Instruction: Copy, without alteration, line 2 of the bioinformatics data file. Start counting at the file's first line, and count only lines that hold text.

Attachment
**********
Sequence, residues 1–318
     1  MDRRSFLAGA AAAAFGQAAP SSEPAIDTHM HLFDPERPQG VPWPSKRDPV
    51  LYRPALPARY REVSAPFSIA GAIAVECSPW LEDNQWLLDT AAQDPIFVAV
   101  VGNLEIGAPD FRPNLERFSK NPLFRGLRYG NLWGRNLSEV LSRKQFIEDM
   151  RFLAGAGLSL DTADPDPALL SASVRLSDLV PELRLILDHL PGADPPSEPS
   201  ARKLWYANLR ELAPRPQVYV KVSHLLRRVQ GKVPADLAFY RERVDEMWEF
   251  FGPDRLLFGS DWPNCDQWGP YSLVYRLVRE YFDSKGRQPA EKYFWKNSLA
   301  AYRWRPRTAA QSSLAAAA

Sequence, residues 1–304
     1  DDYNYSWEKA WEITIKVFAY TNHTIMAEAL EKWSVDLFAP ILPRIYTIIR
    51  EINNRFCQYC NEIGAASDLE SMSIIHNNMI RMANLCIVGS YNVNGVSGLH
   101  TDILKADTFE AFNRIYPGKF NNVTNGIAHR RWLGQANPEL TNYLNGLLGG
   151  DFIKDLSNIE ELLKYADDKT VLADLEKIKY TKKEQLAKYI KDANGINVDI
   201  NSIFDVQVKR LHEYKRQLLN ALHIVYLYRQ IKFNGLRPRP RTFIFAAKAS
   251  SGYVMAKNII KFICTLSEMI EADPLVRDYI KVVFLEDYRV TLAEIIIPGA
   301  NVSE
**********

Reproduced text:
     1  MDRRSFLAGA AAAAFGQAAP SSEPAIDTHM HLFDPERPQG VPWPSKRDPV